A heartbreaking photo has emerged of a Rohingya Muslim mother desperately clutching her dead baby after the boat they were travelling to escape from Myanmar capsized as the family was fleeing to Bangladesh.
The image bears a tragic resemblance to the lifeless body of Aylan Kurdi, a young Syrian refugee who washed up dead on a Turkish beach in September 2015.
The desperately sad photo of the dead Rohingya baby boy, only 40 days old, was taken in south-eastern Bangladesh by photographer Dar Yasin.
He describes walking on the beach near the town of Cox’s Bazar when he noticed ‘some sort of commotion’.
In this Thursday, Sept. 14, 2017 file photo, a Rohingya Muslim woman Hanida Begum, who crossed over from Myanmar into Bangladesh, kisses her infant son Abdul Masood who died when the boat they were traveling in capsized just before reaching the shore of the Bay of Bengal, in Shah Porir Dwip, Bangladesh. Nearly three weeks into a mass exodus of Rohingya fleeing violence in Myanmar, thousands were still flooding across the border Thursday in search of help and safety in teeming refugee settlements in Bangladesh. (AP Photo/Dar Yasin, File)
Hanida Begum who crossed over from Myanmar into Bangladesh, wails as she holds her infant son Abdul Masood
‘A boat had capsized. Some women were unconscious. One woman was crying, as a family member had drowned; three more were in precarious condition and I was unsure if they would make it. Another woman was consoling her,’ Yasin told Time.
‘And then suddenly, the woman who was consoling the crying woman started wailing herself. Her husband had come over with Abdul Masood, one of their twin sons, who was dead. She held one child who was alive and one who wasn’t breathing. It was heartbreaking.’
Yasin said the boat the refugees were travelling in – containing 45 members of the same family – capsized only a few meters from the shore. But it was too far away to save Hanida Begum’s child.
Conditions for hundreds of thousands of Rohingya refugees in who live in flimsy makeshift shacks in Myanmar have deteriorated as they battle heavy rain, enforced relocations and extortion demands
There are fears that food shortages for hundreds of thousands refugees may become more of a problem because aid agencies in south-eastern Bangladesh have struggled to reach the area and local agencies in one of the poorest countries in the world have struggled to cope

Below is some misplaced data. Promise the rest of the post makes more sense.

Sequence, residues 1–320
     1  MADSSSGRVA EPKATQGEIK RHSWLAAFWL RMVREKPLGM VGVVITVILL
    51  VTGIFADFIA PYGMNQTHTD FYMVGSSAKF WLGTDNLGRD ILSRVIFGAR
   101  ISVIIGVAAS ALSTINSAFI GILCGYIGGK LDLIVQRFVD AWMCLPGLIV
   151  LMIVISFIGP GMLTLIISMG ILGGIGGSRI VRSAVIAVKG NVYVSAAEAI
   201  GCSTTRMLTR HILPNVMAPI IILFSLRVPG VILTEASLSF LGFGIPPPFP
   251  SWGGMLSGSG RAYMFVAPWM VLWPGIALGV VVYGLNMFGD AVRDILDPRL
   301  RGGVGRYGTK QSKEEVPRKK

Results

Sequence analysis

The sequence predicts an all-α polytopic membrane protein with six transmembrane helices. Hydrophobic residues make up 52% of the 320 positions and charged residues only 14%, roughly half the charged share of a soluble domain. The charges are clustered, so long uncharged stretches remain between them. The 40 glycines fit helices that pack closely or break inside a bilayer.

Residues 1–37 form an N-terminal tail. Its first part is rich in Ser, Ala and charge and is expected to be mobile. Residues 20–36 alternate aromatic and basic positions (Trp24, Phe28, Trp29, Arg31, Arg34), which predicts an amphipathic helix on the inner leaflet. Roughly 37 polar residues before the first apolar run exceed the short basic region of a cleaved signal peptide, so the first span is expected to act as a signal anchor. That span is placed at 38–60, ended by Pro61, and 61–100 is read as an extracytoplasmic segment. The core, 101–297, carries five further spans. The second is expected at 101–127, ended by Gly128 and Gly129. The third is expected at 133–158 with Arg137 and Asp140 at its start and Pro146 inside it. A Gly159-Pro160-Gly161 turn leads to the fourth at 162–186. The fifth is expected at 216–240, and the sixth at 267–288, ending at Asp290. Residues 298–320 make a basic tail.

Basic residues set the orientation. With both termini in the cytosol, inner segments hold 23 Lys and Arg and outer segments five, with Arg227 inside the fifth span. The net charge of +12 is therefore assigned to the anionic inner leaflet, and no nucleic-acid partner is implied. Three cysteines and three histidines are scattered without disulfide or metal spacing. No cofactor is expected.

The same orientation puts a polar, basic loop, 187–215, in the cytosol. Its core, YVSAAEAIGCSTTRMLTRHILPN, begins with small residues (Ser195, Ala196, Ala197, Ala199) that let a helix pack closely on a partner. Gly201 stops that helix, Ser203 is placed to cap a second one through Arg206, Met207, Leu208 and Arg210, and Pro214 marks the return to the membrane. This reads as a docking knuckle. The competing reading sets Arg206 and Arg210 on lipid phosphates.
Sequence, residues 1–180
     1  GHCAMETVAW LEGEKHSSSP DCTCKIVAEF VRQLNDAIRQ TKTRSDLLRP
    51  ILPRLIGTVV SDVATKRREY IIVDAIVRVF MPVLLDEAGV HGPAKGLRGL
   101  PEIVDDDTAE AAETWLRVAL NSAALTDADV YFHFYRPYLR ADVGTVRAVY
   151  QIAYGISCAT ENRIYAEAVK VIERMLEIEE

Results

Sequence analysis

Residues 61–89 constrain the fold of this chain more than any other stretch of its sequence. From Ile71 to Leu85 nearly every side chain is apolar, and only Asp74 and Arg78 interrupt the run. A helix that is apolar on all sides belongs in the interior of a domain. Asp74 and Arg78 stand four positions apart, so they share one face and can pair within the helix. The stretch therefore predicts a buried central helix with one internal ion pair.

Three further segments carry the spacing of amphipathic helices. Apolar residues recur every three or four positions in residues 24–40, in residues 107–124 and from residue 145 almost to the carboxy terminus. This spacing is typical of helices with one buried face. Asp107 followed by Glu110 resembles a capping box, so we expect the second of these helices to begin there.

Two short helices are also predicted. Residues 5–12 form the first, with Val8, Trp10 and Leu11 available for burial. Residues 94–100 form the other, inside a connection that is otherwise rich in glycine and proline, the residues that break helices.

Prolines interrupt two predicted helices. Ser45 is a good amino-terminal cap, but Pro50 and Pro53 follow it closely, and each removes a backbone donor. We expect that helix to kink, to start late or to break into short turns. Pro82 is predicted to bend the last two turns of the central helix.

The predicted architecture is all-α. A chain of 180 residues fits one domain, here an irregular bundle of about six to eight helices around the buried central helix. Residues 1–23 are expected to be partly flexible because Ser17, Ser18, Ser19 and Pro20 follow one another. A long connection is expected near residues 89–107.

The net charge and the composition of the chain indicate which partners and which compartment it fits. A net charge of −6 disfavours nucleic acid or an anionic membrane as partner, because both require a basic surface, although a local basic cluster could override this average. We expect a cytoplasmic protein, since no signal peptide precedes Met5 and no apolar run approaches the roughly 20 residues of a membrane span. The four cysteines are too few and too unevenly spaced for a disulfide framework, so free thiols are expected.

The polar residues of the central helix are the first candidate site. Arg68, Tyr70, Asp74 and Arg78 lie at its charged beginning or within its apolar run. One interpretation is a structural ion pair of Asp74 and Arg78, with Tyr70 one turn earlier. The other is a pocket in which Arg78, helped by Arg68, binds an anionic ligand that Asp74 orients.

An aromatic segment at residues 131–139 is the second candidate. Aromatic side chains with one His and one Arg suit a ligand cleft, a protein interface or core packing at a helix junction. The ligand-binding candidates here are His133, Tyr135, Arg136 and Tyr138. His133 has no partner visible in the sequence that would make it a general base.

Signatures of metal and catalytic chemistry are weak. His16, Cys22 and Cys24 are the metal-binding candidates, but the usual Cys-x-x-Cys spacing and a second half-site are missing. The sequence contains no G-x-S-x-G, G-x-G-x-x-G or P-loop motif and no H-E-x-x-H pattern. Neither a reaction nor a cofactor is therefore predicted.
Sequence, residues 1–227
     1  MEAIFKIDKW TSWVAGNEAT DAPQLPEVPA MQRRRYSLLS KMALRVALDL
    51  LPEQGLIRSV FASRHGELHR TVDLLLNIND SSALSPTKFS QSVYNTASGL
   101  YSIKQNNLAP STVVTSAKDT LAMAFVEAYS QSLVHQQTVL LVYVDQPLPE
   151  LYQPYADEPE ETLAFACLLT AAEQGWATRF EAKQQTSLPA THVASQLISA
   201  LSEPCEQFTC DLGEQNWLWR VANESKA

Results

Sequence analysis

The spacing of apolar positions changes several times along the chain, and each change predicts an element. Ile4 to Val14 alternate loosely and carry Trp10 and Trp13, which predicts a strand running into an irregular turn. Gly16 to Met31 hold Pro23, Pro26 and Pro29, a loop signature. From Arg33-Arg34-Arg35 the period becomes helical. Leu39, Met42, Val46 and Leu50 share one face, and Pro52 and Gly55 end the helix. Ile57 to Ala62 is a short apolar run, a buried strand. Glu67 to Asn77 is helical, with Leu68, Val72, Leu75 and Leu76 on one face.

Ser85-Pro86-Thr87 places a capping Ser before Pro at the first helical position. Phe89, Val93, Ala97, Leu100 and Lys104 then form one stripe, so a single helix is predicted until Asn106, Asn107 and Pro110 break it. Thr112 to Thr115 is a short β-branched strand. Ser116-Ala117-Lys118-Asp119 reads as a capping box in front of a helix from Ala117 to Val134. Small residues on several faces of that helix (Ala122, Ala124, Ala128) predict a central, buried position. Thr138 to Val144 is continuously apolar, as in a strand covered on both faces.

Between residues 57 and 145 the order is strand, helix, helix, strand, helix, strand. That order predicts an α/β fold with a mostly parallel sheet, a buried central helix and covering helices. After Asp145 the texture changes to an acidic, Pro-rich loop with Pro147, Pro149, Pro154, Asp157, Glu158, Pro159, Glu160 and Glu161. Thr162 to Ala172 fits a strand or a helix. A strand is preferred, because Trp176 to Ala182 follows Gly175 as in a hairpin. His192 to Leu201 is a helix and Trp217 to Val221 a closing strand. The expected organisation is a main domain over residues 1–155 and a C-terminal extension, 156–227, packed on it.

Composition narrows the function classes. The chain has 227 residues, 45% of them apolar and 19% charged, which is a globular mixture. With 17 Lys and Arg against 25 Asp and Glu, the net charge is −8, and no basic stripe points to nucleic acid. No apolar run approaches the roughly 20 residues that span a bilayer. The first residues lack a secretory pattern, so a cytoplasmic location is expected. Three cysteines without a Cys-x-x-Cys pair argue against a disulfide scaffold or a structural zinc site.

The refugees are living in flimsy makeshift shacks – mostly made out of bamboo and plastic sheets. They have been described as some of the most persecuted people in the world and their predicament has worsened in the monsoon rains
Most refugees fled from Myanmar in overcrowded boats across the Naf river that separates the country from Bangladesh. Many in the international community have described their enforced exodus as ethnic cleansing
It is estimated that the number of Rohingya Muslims who have fled Myanmar’s Rakhine state to Bangladesh has soared to more than 420,000 in a matter of weeks – they will be joining thousands of other refugees who have fled Myanmar in recent years
Conditions for children fleeing Myanmar are especially tough – with reports that many have either been killed or injured in the exodus. In addition many the UN says many children have been separated from their families have been left to fend for themselves
Rohingya people in Myanmar say they have been subjected to a campaign of terror at the hands of the Myanmar authorities which has resulted in their villages being razed and their speedy exodus from the country – often at gunpoint
The death of three-year-old Syrian boy Alan Kurdi made global headlines in September 2015 when he drowned while he and his family were trying to reach Europe along with thousands of other refugees . Photographs of his body quickly spread around the world and became the defining image of the horror of the Middle East refugee crisis
Mayanmar leader and Nobel Laureate Aung San Suu Kyi has been criticised internationally for her lackluster response to the Rohingya refugee crisis , with some even calling for her to be stripped of her award
The refugees are among hundreds of thousands of Rohingya Muslims who have fled Burma to escape persecution at the hands of the predominately Buddhist government.
Myanmar leader and Nobel Laureate Aung San Suu Kyi has received criticism from across the world for her failure strongly to speak out about their plight.
The refugees – who have been described as some of the most persecuted people in the world – are living in pitiable conditions in squalid camps in south-eastern Bangladesh.
Their misery has been compounded recently by strong monsoon rains which have flooded their flimsy shelters made only out of bamboo and plastic sheets.
People in the camps were left in a mudbath on Wednesday as they desperately packed their meagre belongings into plastic sacks in a desperate quest to find drier shelters.
Their numbers have soared to more than 420,000 in a matter of weeks.
The refugees also have to contend with enforced relocations at the hands of the Bangladesh authorities and extortion demands if they try to remain where they are.
The death of three-year-old Syrian boy Alan Kurdi made global headlines in September 2015 when he drowned while he and his family were trying to reach Europe along with thousands of other refugees.
Photographs of his body quickly spread around the world and became the defining image of the horror of the Middle East refugee crisis.